Wednesday, 22 August 2012


At just 68 years young, Tony Scott - the little brother of Ridley but by no means the lesser sibling - is no longer with us, leaving behind a wife, two children and a back catalogue of films that, whilst never award-winners, were none-the-less crowd-pleasers to varying degrees.

Scott's body of work, not unlike his brother's, was born out of commercials where messages/information must successfully come across in a very short space of time. He seemed to keep this ethos with him as his films were all about fast edits and quick cuts - infact some said that the same amount of information and substance that would be contained in one of his three minute commercials was to be found in his 120+ minute films. Whether you agreed with this point of view, it was one of his commercials that would change his career and for some, their cinema experience, giving them a slew of iconic imagery, cool cuts and desirable dialogue. His SAAB commercial where the car raced against a jet fighter came to the attention of two "wanna-be-famous" producers " who needed someone to helm their little film about posing in-training pilots and their fighter planes...

TOP GUN (1986)
The film that announced the arrival of Scott, put the producing duo of Simpson & Bruckheimer on the map and launched a million female (and male) pounding hearts due to Cruise and Kilmer and their beach volleyball shenanigans, would forever be a defining pillar of 80's movies. Seen by many critics as "style above substance," it none-the-less created queues that stretched around the block, queues outside the Air Force recruiting booths and queues for Aviator sunglasses.

After the success of their Top Gun, the trio of Simpson & Bruckheimer and Scott were allowed to continue the good fortune (and box office) of Eddie Murphy's wise-cracking cop Axel Foley from Beverly Hills Cop. More frenetic than it's predecessor, their sequel, continued to build on what what become their trademarks - fast action and plenty of it with camera movers to match. More set pieces, more humour and more senseless action and violence, Beverly Hills Cop II was yet another success for Scott and his mentor producers.

It had to happen at some point, and the "Top Gun with cars" idea was it - the bubble had burst with their third collaboration. The production started without a script and the "style before substance" technique was never more evident then here where critics and audiences turned their backs on it despite Cruise's raised popularity and the on-screen/off-screen romance between the two leads, Cruise and Kidman.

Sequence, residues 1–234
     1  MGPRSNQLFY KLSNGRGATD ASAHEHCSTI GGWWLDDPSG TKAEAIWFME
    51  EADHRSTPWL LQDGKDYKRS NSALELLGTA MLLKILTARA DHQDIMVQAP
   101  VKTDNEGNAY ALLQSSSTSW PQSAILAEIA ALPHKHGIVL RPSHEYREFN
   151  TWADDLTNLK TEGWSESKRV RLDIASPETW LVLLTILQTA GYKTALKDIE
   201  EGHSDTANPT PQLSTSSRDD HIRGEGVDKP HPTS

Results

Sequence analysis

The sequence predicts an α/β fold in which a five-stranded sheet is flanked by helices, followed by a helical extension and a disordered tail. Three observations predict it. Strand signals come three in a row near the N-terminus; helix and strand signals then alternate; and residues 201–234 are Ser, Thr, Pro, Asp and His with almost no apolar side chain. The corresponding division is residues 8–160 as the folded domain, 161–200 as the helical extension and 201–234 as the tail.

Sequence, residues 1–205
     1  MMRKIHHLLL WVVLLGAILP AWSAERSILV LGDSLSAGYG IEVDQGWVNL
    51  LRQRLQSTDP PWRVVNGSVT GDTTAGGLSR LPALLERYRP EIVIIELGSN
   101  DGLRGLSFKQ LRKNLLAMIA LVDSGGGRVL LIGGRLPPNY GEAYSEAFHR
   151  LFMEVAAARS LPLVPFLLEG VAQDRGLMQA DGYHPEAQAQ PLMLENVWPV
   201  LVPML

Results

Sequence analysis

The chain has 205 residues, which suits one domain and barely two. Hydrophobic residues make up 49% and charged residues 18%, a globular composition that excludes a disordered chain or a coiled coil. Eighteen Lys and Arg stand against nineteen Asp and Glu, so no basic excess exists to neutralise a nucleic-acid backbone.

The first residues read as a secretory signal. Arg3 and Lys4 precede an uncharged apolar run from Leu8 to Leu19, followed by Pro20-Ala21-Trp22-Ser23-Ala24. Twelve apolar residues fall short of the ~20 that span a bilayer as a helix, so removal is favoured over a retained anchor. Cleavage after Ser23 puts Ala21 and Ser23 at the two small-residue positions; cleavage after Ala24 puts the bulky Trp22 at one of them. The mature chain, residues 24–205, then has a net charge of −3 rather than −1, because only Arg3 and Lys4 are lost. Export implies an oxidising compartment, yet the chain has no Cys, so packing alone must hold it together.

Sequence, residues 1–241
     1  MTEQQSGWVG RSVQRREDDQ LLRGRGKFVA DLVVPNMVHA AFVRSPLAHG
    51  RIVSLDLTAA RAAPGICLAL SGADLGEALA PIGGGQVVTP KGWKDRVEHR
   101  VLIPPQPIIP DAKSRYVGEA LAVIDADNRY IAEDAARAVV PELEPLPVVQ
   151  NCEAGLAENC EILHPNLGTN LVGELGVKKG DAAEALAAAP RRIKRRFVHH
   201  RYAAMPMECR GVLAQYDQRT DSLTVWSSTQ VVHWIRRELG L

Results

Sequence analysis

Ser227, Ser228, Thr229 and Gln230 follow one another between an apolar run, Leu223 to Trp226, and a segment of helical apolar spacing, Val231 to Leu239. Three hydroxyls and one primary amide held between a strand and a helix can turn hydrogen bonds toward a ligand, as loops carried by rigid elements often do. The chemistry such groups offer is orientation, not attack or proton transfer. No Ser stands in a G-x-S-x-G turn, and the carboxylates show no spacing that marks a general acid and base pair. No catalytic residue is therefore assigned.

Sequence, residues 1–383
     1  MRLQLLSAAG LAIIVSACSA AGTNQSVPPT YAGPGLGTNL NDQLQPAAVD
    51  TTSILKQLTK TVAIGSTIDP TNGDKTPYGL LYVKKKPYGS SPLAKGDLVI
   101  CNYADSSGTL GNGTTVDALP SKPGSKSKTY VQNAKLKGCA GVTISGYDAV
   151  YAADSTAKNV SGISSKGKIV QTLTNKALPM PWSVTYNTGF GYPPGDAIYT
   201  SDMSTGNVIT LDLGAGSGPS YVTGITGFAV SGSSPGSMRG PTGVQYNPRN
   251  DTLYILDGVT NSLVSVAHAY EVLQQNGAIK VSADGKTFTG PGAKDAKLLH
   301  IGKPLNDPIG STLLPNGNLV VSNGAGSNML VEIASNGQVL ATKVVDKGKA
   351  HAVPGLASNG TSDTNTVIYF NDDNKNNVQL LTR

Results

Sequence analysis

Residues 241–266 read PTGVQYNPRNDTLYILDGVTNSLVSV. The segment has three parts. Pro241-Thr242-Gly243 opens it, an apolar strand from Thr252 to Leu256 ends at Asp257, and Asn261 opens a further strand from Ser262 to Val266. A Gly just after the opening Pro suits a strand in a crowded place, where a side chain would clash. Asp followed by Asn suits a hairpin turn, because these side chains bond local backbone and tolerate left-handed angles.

A personal favourite of mine, this is where a perfect combination of writer, directer and actor culminated in a truly too-cool, way-funny flick of a film! Shane Black's black comedy script matched Scott's slightly calmer camerawork approach and took full advantage of Willis' ever-strong shining star. Cracking dialogue and a bonkers story - Scott couldn't fail!

After the successful pairing of Scott with producer Joel Silver on The Last Boy Scout, he moved onto the Weinstein Brothers for his next, and arguably coolest film, not only of his career, but of all time! Quentin Tarantino's ice-cold script paired with a who's who of hip stars gave Scott the opportunity to relax even more with his crazy camerawork and let the audience watch the screen rather than hold on for dear life during it! An instant cult and destined to be quoted forever!

Returning to the fold of Simpson & Bruckheimer, Scott returned to the low-on-script, high-on-style story of two men at loggerheads (not like the strained relationship of the producers). This was also a milestone as it was the first of many pairings of Scott with Denzel Washington and, not unlike the effect to Top Gun (but not nearly as much), it saw a increase in recruits for the US Armed Forces. Scott wisely brought Tarantino in to polish up the script after the praise for the True Romance screenplay and another hit was in the bag.

Regardless of whether you liked the mans body of work, there's no denying the impressive amount of work he delivered - especially when you think of how directors now seem to take anything up to three or four years between their films hitting the silver screen. His shaky hand-held camerawork; the fast edits; the sometimes stupidity of the story - all these gained Tony Scott a fanbase and some of the ingredients mixed correctly did indeed deliver modern classics that even the harshest of critics couldn't completely shoot down.

Not a true favourite of mine, the loss of director Tony Scott is still a tragic one. Especially when you realise what his CV contained. When he did good, he did great. 

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